seen it, aw wor capt,—mun it wur a topper to swim, an' that's
comfort; tha knows we could niver ha' known that if it had niver been
Lets hooap 'at when they've another to build they'll do
niver too late to mend, an' we're niver too owd to learn; but its hard
wark to taich some. Aw remember once a chap tellin' me hah they made
sooap, an' he said "three-thirds o' sooap wor tollow, an' tother
summat else." Aw tried to show him 'at it couldn't be soa, for if
three-thirds wor tollow it must be all tollow; but he said, aw
"needn't start o' taichin' him; when he'd been a sooap boiler twenty
year he owt to know." Aw saw it wor noa use me talkin', for as
Wordsworth says (or else he doesn't)
"Twor throwing words
away, for still,
The soap-boiler wod have
And said, "Three-thirds
But who is ther 'at niver does wrang? net th' odd en! Them 'at
i' glass haases shouldn't throw stooans; soa we'll drop it. We're all
fooils at times.
Ther's some born fooils, an' ther's some mak thersen fooils,
ther's some get made fooils on. When we hear fowk tell tales abaat
sein' boggards, an gettin' ther planets ruled, we think it saands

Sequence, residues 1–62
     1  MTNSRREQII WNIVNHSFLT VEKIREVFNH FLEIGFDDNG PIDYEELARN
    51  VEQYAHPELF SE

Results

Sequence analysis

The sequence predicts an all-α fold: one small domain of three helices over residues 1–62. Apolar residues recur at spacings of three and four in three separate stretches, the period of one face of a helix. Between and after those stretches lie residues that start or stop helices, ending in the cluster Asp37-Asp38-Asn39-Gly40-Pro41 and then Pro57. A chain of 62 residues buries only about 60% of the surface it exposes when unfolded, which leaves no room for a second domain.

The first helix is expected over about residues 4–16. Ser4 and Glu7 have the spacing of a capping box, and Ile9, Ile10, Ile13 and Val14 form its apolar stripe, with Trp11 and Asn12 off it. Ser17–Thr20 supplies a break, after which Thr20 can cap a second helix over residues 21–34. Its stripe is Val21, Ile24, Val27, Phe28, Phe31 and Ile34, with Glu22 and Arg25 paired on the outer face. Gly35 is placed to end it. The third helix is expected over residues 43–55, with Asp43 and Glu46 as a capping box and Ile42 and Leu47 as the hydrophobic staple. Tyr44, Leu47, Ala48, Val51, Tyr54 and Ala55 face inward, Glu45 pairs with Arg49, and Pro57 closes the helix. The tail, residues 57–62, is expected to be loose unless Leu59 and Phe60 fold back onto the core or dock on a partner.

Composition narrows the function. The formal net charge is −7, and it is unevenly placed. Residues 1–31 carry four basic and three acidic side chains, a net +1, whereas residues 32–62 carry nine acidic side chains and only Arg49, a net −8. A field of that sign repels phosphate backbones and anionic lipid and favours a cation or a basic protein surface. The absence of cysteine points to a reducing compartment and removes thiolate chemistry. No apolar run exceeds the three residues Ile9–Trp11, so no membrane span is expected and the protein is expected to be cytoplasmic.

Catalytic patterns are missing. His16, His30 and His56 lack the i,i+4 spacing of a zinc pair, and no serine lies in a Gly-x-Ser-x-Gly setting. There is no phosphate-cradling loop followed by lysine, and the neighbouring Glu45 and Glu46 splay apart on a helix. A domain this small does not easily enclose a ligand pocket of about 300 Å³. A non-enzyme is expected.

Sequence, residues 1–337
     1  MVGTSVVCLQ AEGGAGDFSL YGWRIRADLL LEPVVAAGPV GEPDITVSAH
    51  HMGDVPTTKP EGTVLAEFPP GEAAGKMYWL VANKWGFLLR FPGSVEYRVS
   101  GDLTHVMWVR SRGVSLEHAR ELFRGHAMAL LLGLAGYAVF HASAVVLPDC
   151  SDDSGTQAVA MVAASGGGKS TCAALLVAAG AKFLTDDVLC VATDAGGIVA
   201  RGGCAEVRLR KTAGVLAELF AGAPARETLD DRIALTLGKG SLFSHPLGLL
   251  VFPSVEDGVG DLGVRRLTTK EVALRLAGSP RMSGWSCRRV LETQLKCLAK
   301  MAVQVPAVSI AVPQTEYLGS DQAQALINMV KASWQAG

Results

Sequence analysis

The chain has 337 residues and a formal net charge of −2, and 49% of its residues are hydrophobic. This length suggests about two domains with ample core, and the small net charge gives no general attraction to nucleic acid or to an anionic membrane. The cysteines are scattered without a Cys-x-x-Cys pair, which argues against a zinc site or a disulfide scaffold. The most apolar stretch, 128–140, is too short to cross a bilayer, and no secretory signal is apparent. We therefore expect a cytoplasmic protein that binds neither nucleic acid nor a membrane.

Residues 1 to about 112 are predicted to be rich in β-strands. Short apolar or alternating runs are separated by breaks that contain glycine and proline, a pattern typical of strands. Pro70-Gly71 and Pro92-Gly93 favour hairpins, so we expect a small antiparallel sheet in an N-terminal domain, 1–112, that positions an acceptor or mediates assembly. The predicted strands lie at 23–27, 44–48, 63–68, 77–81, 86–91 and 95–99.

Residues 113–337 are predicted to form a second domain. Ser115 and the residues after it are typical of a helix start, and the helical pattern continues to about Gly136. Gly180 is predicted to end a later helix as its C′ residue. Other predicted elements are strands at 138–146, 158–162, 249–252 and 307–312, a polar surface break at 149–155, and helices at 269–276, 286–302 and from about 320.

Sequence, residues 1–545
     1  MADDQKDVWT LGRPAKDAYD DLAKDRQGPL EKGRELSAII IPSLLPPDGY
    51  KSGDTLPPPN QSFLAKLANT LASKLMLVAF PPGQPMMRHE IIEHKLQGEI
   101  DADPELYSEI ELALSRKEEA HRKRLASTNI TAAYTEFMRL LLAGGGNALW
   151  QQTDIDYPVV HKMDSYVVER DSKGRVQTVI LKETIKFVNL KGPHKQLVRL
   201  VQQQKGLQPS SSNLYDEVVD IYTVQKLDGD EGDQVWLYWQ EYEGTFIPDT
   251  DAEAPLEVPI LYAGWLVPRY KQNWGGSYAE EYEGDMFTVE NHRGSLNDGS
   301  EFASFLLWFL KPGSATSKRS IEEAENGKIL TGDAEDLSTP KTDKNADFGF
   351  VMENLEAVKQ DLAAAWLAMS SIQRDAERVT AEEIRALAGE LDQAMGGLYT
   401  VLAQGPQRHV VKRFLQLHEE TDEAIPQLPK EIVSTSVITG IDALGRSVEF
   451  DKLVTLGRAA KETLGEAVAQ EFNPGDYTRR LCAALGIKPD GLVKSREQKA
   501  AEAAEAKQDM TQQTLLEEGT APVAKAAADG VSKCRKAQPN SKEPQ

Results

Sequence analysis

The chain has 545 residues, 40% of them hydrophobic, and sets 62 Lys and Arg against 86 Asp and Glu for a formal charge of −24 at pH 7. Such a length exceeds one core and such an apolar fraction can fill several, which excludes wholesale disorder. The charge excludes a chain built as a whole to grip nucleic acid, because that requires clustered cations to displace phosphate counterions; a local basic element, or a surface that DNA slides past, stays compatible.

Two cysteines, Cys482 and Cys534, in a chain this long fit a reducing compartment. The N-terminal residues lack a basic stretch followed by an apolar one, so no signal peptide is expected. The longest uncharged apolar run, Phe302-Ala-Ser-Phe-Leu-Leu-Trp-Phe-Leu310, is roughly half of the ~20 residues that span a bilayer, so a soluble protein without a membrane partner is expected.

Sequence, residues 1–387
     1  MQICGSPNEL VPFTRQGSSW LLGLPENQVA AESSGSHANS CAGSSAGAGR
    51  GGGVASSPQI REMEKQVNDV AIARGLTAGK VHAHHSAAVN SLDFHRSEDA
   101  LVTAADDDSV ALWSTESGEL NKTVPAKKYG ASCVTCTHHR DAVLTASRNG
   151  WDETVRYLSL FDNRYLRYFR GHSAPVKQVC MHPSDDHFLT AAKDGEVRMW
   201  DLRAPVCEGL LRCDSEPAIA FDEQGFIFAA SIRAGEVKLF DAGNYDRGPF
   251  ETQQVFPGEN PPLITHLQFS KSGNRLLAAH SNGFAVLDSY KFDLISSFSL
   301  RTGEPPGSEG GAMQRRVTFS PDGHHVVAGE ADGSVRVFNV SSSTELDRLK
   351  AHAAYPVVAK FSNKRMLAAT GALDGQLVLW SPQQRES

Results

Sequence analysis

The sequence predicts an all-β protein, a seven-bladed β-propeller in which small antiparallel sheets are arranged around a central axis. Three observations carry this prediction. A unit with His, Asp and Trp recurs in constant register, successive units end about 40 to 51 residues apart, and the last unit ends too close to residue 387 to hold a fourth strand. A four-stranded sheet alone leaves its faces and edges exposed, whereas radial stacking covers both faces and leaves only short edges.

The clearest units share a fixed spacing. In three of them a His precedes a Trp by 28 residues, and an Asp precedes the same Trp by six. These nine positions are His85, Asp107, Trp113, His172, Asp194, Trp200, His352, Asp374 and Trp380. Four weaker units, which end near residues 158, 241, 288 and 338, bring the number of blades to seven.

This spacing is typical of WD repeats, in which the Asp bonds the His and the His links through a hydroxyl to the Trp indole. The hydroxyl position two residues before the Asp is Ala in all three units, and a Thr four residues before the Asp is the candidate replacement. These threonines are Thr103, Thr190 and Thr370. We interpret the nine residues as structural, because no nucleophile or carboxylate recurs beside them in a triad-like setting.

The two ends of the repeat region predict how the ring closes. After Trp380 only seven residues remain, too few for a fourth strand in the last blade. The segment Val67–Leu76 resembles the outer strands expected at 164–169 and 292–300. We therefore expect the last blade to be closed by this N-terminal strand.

fooilish. Nah an' then one turns up rayther simple, an' a body con
hardly help laffin'. It's net long sin' aw heeard tell of a owd woman
goin' to th' Pooast Office i' Bolton, an' axin to see th' maister, an,
when he coom shoo said shoo wanted to know hah monny stamps it 'ud
tak' to send a mangle to Yeaworth. He couldn't tell her, an' shoo went
away thinkin' what a fooil he wor net to know his business better nor
that, an' he thowt what a fooil shoo wor for ax in sich a question.
An' soa it is;—we're apt to think iverybody fooils but ussen,
them 'at belangs to us. Yo doant oft find a mother or fayther 'at
thinks ther lad's a fooil (unless he gets wed, an then they allus say
soa.) Iverybody's'child is th' grandest an' th' cliverest i'th world.
But aw couldn't help laffin' one day when I heeard a chap braggin'
abaat his lad. "Aa," he said, "he's cliverest lad of his age aw iver
met; he's nobbut thirteen year owd an' he con do owt." Just as he wor
sayin' soa th' lad coom into th' raam, aitin' a raw turnip, an' his
fayther thowt he'd show him off a bit, soa he said, "Jack a want thee
to go an' messur th' length o' that piece o' timber 'at's i'th yard,
an come tell me." Soa he gave him his two-fooit rule, an' th' lad
went. Aw thowt he wor a long time abaat it, but in a bit he coom
back. "Well Jack," said his fayther, "ha long is it? spaik up, that's
a fine lad." "Why," he says, "it's th' length o' yo'r rule, an' my
pocket comb, an' this piece o' band." "That's reight," said his
fayther, "tha con goa hoam," put aw nooaticed 'at be did'nt brag abaat
him quite so mitch at after.